The National Interest’s editor, Jacob Heilbrunn, spoke with Henry Kissinger in early July in New York.
Jacob Heilbrunn: Why is realism today an embattled approach to foreign affairs, or perhaps not as significant as it was when you had figures such as Hans Morgenthau, George F. Kennan, Dean Acheson, then yourself in the 1970s—what has changed?
Henry Kissinger: I don’t think that I have changed my view on this subject very much since the seventies. I have always had an expansive view of national interest, and much of the debate about realism as against idealism is artificial. The way the debate is conventionally presented pits a group that believes in power as the determining element of international politics against idealists who believe that the values of society are decisive. Kennan, Acheson or any of the people you mentioned did not have such a simplistic view. The view of the various realists is that, in an analysis of foreign policy, you have to start with an assessment of the elements that are relevant to the situation. And obviously, values are included as an important element. The real debate is over relative priority and balance.
Heilbrunn: One of the things that struck me in the new biography of you by Niall Ferguson is his quotation from your personal diary from 1964. You suggested rather prophetically that “the Goldwater victory is a new phenomenon in American politics—the triumph of the ideological party in the European sense. No one can predict how it will end because there is no precedent for it.”
Kissinger: At the convention, it seemed to be true to somebody like me, who was most familiar with the politics of the Eastern Establishment. Later in life, I got to know Goldwater and respected him as a man of great moral conviction and integrity.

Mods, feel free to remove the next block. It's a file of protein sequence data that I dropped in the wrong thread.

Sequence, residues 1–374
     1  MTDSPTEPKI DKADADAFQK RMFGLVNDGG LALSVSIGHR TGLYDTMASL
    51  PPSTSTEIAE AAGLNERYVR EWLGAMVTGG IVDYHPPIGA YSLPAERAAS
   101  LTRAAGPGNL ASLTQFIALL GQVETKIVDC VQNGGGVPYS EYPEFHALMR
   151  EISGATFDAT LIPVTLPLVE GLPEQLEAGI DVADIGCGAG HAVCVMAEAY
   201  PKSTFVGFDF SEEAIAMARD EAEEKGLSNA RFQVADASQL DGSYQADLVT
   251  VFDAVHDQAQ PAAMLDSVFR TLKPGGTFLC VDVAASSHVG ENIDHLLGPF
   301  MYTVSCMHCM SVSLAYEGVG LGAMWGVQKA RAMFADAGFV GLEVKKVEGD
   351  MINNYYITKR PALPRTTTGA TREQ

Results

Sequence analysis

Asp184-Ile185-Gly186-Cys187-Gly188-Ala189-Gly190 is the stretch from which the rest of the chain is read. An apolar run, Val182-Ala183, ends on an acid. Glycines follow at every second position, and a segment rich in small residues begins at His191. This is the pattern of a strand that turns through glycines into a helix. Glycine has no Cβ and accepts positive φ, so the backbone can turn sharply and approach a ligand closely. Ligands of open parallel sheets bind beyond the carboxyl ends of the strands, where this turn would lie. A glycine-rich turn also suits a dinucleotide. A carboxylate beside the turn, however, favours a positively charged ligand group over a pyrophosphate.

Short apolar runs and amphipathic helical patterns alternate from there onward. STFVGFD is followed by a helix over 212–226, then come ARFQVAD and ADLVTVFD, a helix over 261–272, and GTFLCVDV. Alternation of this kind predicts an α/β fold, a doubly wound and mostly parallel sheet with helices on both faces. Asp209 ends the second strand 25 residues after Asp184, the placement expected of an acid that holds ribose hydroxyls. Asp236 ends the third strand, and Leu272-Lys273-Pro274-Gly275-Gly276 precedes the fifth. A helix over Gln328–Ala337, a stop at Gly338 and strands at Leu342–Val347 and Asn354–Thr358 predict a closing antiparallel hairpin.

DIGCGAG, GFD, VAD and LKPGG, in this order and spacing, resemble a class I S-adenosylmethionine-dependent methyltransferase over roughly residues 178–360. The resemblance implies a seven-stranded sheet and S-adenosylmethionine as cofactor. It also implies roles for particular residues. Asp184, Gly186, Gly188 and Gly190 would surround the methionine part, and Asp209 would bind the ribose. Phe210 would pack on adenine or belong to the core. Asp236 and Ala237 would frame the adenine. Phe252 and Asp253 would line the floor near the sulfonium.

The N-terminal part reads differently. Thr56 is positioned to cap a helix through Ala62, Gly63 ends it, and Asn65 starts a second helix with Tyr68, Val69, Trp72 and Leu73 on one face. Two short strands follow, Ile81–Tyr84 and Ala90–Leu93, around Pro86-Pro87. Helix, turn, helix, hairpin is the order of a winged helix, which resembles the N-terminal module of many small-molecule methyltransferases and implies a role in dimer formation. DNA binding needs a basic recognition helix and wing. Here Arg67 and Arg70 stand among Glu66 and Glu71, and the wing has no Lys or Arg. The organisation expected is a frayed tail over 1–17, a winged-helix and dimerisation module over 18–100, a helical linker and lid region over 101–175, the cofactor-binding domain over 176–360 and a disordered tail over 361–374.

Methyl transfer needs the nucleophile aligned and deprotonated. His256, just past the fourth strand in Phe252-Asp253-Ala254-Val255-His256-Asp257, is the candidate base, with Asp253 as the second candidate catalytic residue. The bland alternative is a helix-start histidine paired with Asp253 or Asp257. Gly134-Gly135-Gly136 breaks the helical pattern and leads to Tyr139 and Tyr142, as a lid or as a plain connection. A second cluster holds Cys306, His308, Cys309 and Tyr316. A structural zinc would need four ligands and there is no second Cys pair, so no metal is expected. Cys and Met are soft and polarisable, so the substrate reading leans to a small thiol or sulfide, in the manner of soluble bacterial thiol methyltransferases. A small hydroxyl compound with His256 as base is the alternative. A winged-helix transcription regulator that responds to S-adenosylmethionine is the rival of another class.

Heilbrunn: Right, but I was more interested in your interpretation of the ideological force that emerged in ’64.
Kissinger: It was a new ideological force in the Republican Party. Until then, the Eastern Establishment view based on historic models of European history was the dominant view of foreign policy. This new foreign-policy view was more missionary; it emphasized that America had a mission to bring about democracy—if necessary, by the use of force. And it had a kind of intolerance toward opposition. It then became characteristic of both the extreme Right and the extreme Left, and they changed sides occasionally.
Heilbrunn: And they both vehemently attacked the Nixon administration.
Heilbrunn: I remember that in your memoirs, you indicate that you were perhaps most astonished to be attacked from the right—
Kissinger: Totally unprepared.
Heilbrunn: —for allegedly appeasing the Soviet Union.
Kissinger: Well, and some, like Norman Podhoretz—who’s a good friend today—attacked me from both the left and the right sequentially.
Heilbrunn: I’d forgotten that he’d managed that feat. In the end, though, détente played a critical role in bringing down the Soviet Union, didn’t it?
Kissinger: That is my view. We viewed détente as a strategy for conducting the conflict with the Soviet Union.
Heilbrunn: I’m amazed that this doesn’t get more attention—in Europe, this is the common view, that détente was essential toward softening up Eastern Europe and the Soviet Union, and getting over the memory of World War II, whereas in the United States we have a triumphalist view.
Kissinger: Well, you have the view that Reagan started the process with his Evil Empire speech, which, in my opinion, occurred at the point when the Soviet Union was already well on the way to defeat. We were engaged in a long-term struggle, generating many competing analyses. I was on the hard-line side of the analysis. But I stressed also the diplomatic and psychological dimensions. We needed to wage the Cold War from a posture in which we would not be isolated, and in which we would have the best possible basis for conducting unavoidable conflicts. Finally, we had a special obligation to find a way to avoid nuclear conflict, since that risked civilization. We sought a position to be ready to use force when necessary but always in the context of making it clearly demonstrable as a last resort. The neoconservatives took a more absolutist view. Reagan used the span of time that was available to him with considerable tactical skill, although I’m not sure that all of it was preconceived. But its effect was extremely impressive. I think the détente period was an indispensable prelude.